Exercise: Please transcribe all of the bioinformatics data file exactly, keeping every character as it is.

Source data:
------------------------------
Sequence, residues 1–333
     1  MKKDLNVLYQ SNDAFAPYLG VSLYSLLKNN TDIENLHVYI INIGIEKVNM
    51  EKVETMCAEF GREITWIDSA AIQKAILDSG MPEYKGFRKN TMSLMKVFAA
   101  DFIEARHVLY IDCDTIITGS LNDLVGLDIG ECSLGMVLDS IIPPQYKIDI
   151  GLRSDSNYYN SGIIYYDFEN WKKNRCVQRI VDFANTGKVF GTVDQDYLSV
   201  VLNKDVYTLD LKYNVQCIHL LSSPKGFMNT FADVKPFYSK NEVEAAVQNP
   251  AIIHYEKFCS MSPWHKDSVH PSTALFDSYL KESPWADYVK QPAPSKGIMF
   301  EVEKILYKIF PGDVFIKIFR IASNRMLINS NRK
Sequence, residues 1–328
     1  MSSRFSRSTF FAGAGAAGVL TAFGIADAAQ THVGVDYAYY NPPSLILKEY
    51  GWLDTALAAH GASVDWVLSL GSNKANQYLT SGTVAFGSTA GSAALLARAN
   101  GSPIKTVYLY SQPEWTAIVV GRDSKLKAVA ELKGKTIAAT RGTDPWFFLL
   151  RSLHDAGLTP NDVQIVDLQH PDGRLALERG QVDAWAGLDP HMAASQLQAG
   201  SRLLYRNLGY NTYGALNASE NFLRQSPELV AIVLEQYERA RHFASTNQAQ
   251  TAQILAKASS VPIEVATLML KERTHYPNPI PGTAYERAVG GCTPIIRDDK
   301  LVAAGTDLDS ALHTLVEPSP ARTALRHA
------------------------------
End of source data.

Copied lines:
Sequence, residues 1–333
     1  MKKDLNVLYQ SNDAFAPYLG VSLYSLLKNN TDIENLHVYI INIGIEKVNM
    51  EKVETMCAEF GREITWIDSA AIQKAILDSG MPEYKGFRKN TMSLMKVFAA
   101  DFIEARHVLY IDCDTIITGS LNDLVGLDIG ECSLGMVLDS IIPPQYKIDI
   151  GLRSDSNYYN SGIIYYDFEN WKKNRCVQRI VDFANTGKVF GTVDQDYLSV
   201  VLNKDVYTLD LKYNVQCIHL LSSPKGFMNT FADVKPFYSK NEVEAAVQNP
   251  AIIHYEKFCS MSPWHKDSVH PSTALFDSYL KESPWADYVK QPAPSKGIMF
   301  EVEKILYKIF PGDVFIKIFR IASNRMLINS NRK
Sequence, residues 1–328
     1  MSSRFSRSTF FAGAGAAGVL TAFGIADAAQ THVGVDYAYY NPPSLILKEY
    51  GWLDTALAAH GASVDWVLSL GSNKANQYLT SGTVAFGSTA GSAALLARAN
   101  GSPIKTVYLY SQPEWTAIVV GRDSKLKAVA ELKGKTIAAT RGTDPWFFLL
   151  RSLHDAGLTP NDVQIVDLQH PDGRLALERG QVDAWAGLDP HMAASQLQAG
   201  SRLLYRNLGY NTYGALNASE NFLRQSPELV AIVLEQYERA RHFASTNQAQ
   251  TAQILAKASS VPIEVATLML KERTHYPNPI PGTAYERAVG GCTPIIRDDK
   301  LVAAGTDLDS ALHTLVEPSP ARTALRHA